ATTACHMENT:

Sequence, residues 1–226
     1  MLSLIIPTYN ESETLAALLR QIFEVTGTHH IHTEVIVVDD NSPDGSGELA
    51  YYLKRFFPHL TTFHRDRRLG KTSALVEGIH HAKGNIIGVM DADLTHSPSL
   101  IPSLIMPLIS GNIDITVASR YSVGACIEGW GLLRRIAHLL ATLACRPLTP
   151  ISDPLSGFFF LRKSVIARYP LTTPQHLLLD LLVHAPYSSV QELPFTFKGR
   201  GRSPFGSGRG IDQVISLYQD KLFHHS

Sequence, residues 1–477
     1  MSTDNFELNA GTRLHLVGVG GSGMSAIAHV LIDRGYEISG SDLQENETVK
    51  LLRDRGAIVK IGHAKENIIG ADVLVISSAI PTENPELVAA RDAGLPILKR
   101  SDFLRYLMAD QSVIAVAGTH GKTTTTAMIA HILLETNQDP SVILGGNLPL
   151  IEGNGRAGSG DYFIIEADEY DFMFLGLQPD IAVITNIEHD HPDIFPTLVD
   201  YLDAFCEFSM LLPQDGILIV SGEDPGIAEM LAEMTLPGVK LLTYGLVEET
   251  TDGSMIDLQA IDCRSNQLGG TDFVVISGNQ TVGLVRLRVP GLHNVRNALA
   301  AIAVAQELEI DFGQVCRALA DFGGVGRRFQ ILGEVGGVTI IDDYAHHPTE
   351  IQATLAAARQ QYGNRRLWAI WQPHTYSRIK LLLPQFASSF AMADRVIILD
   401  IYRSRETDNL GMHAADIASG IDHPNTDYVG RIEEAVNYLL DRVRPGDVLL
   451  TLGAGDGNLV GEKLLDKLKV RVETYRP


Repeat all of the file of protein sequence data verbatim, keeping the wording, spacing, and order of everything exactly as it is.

Sequence, residues 1–226
     1  MLSLIIPTYN ESETLAALLR QIFEVTGTHH IHTEVIVVDD NSPDGSGELA
    51  YYLKRFFPHL TTFHRDRRLG KTSALVEGIH HAKGNIIGVM DADLTHSPSL
   101  IPSLIMPLIS GNIDITVASR YSVGACIEGW GLLRRIAHLL ATLACRPLTP
   151  ISDPLSGFFF LRKSVIARYP LTTPQHLLLD LLVHAPYSSV QELPFTFKGR
   201  GRSPFGSGRG IDQVISLYQD KLFHHS

Sequence, residues 1–477
     1  MSTDNFELNA GTRLHLVGVG GSGMSAIAHV LIDRGYEISG SDLQENETVK
    51  LLRDRGAIVK IGHAKENIIG ADVLVISSAI PTENPELVAA RDAGLPILKR
   101  SDFLRYLMAD QSVIAVAGTH GKTTTTAMIA HILLETNQDP SVILGGNLPL
   151  IEGNGRAGSG DYFIIEADEY DFMFLGLQPD IAVITNIEHD HPDIFPTLVD
   201  YLDAFCEFSM LLPQDGILIV SGEDPGIAEM LAEMTLPGVK LLTYGLVEET
   251  TDGSMIDLQA IDCRSNQLGG TDFVVISGNQ TVGLVRLRVP GLHNVRNALA
   301  AIAVAQELEI DFGQVCRALA DFGGVGRRFQ ILGEVGGVTI IDDYAHHPTE
   351  IQATLAAARQ QYGNRRLWAI WQPHTYSRIK LLLPQFASSF AMADRVIILD
   401  IYRSRETDNL GMHAADIASG IDHPNTDYVG RIEEAVNYLL DRVRPGDVLL
   451  TLGAGDGNLV GEKLLDKLKV RVETYRP